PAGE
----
COVID-19 Vignette: Michelle Alvarez making face masks

  • Published
  • By Capt. Cheresa Clark
  • 140th Wing
“We’re all navigating new waters and trying to make sense of this world that we never expected to be in, and everyone is affected a little differently, and everyone is handling this a little differently,” said Colorado National Guard Tech. Sgt. Michelle Alvarez of the COVID-19 pandemic.
Indeed, while fight, flight, and freeze are our natural responses to danger, Alvarez, a public affairs specialist with the 140th Wing, demonstrated her natural response – and Air Force core values – by taking the fight to the virus.
“Luckily, I’m a crazy crafter and had a large stash of supplies already in my craft room before it began,” she said.
Combining her existing craft supplies and creativity with sharp sewing skills, Alvarez immediately began making and donating face masks for family, friends, co-workers, university students and faculty, healthcare workers and essential employees across Colorado.
“The biggest challenges I faced were finding enough time and supplies,” Alvarez said. “I’m fortunate enough that I was still working full time, so I worked during the day and sewed masks at night.”
Alvarez noted that as demand for supplies grew, scarcity became the norm, as many others had the same idea. 
“Stores were closed, shipping was delayed, and suppliers with available inventory increased their prices,” she said. “I was finally able to get a shipment of elastic in and I paid four times what I would’ve paid prior to COVID.”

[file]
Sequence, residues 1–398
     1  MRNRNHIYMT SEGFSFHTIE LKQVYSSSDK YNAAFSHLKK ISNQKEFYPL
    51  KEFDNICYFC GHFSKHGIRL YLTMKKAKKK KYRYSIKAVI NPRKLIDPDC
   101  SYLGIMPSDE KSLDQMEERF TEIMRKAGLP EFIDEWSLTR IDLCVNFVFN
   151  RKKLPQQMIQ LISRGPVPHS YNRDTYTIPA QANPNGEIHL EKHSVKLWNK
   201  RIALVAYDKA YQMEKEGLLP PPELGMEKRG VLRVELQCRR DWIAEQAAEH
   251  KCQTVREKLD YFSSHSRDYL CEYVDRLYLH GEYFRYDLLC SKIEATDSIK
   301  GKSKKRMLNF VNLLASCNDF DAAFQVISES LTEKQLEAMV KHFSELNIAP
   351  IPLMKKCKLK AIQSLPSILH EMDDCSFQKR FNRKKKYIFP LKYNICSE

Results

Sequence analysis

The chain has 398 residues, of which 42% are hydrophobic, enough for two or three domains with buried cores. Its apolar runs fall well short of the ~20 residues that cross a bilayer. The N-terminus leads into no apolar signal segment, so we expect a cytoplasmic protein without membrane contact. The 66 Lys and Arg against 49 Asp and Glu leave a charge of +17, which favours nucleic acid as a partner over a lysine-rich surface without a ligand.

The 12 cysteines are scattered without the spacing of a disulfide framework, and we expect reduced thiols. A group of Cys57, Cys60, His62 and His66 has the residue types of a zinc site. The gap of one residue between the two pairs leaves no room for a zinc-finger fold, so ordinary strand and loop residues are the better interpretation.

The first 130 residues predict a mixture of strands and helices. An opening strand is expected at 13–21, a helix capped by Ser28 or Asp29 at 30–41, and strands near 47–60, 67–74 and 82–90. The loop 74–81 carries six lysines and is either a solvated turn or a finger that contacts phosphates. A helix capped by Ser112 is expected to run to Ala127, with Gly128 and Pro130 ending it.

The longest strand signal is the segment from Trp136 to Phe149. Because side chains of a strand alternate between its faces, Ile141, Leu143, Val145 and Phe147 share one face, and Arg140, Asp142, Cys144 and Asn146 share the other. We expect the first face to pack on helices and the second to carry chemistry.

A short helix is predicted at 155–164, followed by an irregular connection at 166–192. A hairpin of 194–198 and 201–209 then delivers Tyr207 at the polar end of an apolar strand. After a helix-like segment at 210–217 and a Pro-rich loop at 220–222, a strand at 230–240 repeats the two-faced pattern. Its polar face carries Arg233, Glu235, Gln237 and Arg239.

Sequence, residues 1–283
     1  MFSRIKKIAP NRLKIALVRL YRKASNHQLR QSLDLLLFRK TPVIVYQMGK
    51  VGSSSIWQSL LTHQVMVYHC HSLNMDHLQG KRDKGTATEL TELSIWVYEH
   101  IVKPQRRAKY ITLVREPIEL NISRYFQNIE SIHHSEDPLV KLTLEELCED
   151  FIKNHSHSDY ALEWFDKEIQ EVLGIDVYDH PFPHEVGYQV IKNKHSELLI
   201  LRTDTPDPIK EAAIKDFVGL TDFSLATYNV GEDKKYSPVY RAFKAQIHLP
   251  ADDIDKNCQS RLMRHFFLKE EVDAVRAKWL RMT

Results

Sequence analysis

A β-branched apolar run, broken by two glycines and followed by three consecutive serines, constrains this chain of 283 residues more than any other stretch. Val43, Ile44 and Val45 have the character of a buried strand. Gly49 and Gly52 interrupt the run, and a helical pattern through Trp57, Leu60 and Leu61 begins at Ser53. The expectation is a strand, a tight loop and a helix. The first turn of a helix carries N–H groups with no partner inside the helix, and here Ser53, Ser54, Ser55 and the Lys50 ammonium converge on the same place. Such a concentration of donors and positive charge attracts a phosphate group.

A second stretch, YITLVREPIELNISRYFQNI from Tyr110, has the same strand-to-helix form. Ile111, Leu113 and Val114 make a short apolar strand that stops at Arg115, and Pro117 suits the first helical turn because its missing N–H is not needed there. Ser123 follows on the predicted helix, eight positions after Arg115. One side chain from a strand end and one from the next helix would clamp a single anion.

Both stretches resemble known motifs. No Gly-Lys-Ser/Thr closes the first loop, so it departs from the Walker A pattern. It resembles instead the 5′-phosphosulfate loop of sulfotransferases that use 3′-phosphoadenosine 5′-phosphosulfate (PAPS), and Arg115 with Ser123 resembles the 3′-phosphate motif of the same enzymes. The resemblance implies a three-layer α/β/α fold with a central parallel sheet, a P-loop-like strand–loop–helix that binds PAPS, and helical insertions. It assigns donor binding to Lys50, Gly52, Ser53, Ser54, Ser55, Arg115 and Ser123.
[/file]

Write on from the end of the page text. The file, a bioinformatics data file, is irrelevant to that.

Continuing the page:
Yet in the face of this adversity, Alvarez not only willingly paid the higher prices, she also continued her create-donate-and-keep-’em-safe mission through May 2020. And all that volunteer work came with an added bonus.
“This gave me the opportunity to really hear and understand so many people through a different lens, and in their own voices,” she said. “I was able to hear their concerns and their fears, and provide a simple solution – one small step in feeling safe.”
Alvarez said she appreciated the newer, and perhaps more profound, connections she made along the way.
“To have conversations with people that I may or may not normally have regular communication with, and be able to just see how they’re doing and how they’re handling isolation and quarantine … Sometimes people open up to you at the most unexpected of times,” she said.
Aside from the pragmatic necessity of masks and the added human connection, the opportunity to do one small thing to help others came with another added bonus.
“I was fortunate to be able to help healthcare workers who have a huge impact in the community, who are keeping everyone safe and who also experienced difficulty getting basic protective equipment,” Alvarez said. “I was able to adjust and create new patterns that allowed them to tie their masks behind their heads instead of around their ears to help with discomfort that comes from extended wear.”
And another bonus? Fun!
“Not everyone has the resources or skills to make masks, but everyone wants to feel safe and protected while also protecting others as they try to navigate through this new normal,” Alvarez said. “It was fun making masks in different colors, patterns, characters – whatever fits people’s personalities – and that makes wearing a mask a little more bearable.”
In total, Alvarez crafted nearly 200 masks – no small feat in the face of an international crisis. But for her it’s not about the numbers, or the time, or the supplies. It’s about connection.
“If you can find a way to just check in with people or make someone’s day a little brighter, definitely do it!” she said. “Maybe we can even make our new normal better than the old one.”